(This review ran in the Oct/Nov 1983 issue of Exquisite Corpse.)
In this century “society” has come to mean an institutionalized entity beyond our control, if not our complicity. By regarding society as an impersonal force we are able to put out of our minds the intimate responsibility we share for the enormities committed in its name. William Bronk reminds us in The Brother in Elysium, his meditative essays on Thoreau, Whitman and Melville, that our relationships with friends are a paradigm of our relationship to society as a whole.
The Brother in Elysium was composed over forty years ago and published at last in 1980. In an “Epistle Dedicatory” Bronk explains what he is up to: “Much can be said about the nature of society through the medium of these three American writers, who were so deeply concerned with society in both its immediate form of friendship, and its wider form of relations within the social structure. Each man’s approach to the two forms was single, as indeed it may be for all of us, so that there will be no inconsistencies to be found between our real ideas of our friends and our real political desires. Superficially, this will not seem to be so; but I have intended to go beneath the surface.”
Beneath the surface much is discovered. Bronk has not written literary criticism so much as an imaginative collaboration with three great nineteenth century American writers, a book in which ideas of freedom and the achievement of form, identity and ambiguity are explored.
“I have wanted to write a kind of essential drama, in which each of the three characters comments on the matter at hand by his own word and deed, and so reveals himself and his subject. If my book makes any statement, therefore, it must be by the relationships that are revealed, by its composition, by a form brought about to the perceptive reader, by that element which is in every line and in no single one.”
The first and most lengthy essay is “Silence and Henry Thoreau” in which Bronk recreates Thoreau as friend, neighbor and citizen and delineates Thoreau’s frustration at his inability to affect society by the power of his own example. “Thoreau believed that a man who was truly good in his being, was free from any need for doing good which was deliberate, so great was the power of his being.” For Thoreau, philanthropy and reform were ways for men to avoid the real problems of moral worth and social behavior, and true friendship—the friendship of affinity, and not the friendship of a confidant or an associate—was an ideal upon which society itself could be based.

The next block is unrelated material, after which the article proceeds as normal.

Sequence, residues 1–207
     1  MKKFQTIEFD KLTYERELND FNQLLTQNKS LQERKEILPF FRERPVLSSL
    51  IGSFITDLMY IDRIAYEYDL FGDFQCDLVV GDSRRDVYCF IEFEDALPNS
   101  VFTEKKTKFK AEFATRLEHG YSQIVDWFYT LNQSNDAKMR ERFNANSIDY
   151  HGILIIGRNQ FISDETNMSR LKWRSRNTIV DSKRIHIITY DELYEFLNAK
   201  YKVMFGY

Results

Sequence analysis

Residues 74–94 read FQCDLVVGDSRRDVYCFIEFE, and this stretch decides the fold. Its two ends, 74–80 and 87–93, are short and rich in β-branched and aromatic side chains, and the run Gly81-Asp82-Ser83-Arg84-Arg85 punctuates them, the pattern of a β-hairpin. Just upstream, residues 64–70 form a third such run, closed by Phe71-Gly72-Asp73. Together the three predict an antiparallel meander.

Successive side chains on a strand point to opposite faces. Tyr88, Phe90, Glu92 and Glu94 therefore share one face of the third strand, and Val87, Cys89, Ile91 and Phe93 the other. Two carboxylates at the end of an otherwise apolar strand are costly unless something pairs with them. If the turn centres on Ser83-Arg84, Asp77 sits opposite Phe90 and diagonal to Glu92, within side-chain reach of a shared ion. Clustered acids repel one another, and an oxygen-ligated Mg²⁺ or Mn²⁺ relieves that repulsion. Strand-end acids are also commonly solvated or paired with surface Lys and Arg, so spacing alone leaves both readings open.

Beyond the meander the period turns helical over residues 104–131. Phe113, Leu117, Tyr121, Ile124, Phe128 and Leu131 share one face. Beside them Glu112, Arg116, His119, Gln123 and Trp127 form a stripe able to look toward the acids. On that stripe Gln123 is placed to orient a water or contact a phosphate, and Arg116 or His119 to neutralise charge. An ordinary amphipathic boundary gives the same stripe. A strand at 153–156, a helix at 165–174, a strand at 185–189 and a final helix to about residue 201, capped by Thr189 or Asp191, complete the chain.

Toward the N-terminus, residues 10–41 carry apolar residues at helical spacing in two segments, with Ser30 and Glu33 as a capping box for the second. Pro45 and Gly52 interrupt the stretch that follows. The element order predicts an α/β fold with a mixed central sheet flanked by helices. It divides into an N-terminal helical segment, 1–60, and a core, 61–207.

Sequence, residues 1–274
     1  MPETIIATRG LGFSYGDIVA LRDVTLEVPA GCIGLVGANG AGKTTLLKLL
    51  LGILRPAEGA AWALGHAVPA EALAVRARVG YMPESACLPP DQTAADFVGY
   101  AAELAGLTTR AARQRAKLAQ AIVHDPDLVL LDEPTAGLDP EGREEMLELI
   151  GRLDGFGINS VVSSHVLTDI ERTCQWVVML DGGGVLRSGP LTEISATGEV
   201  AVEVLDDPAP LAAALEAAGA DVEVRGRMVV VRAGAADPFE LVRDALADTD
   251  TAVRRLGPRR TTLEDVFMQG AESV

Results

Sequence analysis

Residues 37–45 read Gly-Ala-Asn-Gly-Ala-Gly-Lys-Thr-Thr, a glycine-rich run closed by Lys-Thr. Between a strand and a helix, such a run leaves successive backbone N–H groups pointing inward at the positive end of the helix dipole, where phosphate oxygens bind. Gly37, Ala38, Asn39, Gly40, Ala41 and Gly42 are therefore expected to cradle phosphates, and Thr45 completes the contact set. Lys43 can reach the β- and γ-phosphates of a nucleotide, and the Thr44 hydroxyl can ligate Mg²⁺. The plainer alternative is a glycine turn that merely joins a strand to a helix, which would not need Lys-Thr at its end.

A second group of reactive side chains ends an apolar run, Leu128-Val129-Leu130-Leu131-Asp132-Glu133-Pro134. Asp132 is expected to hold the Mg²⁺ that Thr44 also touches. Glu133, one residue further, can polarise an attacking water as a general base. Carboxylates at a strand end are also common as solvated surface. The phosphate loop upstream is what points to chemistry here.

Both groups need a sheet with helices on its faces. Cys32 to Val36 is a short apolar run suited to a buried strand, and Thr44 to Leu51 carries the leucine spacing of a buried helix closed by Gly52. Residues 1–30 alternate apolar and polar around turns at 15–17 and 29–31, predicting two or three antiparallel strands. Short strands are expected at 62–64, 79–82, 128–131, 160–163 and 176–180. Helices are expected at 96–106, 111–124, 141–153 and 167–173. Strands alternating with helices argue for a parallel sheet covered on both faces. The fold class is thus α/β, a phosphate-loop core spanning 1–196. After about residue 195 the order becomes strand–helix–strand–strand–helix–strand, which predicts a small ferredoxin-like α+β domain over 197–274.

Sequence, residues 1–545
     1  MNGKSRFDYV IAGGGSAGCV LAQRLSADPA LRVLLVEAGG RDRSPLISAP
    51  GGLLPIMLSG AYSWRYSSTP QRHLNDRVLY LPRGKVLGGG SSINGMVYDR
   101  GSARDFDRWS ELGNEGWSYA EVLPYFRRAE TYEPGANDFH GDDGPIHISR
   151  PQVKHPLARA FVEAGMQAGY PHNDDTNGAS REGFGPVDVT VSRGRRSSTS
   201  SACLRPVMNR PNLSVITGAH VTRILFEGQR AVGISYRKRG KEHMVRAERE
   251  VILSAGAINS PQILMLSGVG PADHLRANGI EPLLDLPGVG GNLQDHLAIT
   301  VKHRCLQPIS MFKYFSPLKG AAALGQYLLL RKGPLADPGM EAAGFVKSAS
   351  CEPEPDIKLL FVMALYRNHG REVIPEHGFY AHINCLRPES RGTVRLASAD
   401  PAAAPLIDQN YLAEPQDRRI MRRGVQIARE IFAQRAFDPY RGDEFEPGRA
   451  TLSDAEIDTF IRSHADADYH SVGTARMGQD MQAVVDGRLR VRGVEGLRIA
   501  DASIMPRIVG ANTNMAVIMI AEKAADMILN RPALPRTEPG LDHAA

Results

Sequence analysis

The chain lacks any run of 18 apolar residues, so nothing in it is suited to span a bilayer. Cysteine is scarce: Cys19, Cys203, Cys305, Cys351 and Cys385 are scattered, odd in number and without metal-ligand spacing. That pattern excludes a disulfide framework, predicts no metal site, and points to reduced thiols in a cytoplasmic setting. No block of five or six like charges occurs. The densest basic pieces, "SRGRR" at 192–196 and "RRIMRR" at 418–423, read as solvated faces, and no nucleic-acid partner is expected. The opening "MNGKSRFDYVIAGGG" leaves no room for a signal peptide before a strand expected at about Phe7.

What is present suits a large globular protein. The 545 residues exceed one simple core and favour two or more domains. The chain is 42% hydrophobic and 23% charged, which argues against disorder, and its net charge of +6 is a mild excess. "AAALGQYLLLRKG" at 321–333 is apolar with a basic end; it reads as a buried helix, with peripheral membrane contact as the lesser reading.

Thoreau could never lose sight of his own identity; it was as fixed as a tree in the landscape. He believed that a man had to live according to his own nature, that in order to be a good citizen he had first of all to be a law to himself.
The second essay, “Walt Whitman’s Marine Democracy,” presents for contrast a portrait of the poet as essentially fluid in identity, without fixed form, a poet who thought that if you made society noble, man would follow. “Whitman,” Bronk says, “saw the solution of his own and the national problems as one and the same—the achievement of form.” Whitman “looked to the glorious State to solve his own personal deficiencies.” Bronk writes of two Whitmans: the first a poet of erotic intensity, the second a dangerous fascist visionary.
Bronk’s treatment of Whitman is sympathetic, subtle and original: this is bare bones Whitman, without the good gray poet gas.
In his essay on Melville, Bronk discusses themes of social goodness, evil and ambiguity, showing how Melville’s experience with “uncivilized” cannibals in the South Seas—the natural dignity and beauty of their social relations—contrasted with what he found in nineteenth century American society. The resolution Melville came to in his search for form was the acceptance of ambiguity, a kind of equilibrium of doubt: “Since there was no final answer to be found for man’s social problems, and no complete definition of man, then the ambiguity of man should be positively maintained in opposition to any solution offered and claimed as final.”
Three American writers, three ways of viewing how one is to live in concert with one’s fellows and with the state. The Brother in Elysium, like the books by Thoreau, Whitman and Melville it discusses is unique—original and nourishing and serious about our relations within society, about freedom, identity, ambiguity—and its prose is of a very high order. For comparison, one might point to two other books about America and its literature, In the American Grain and Studies in Classic American Literature. The Brother in Elysium is as good, and as likely to endure.
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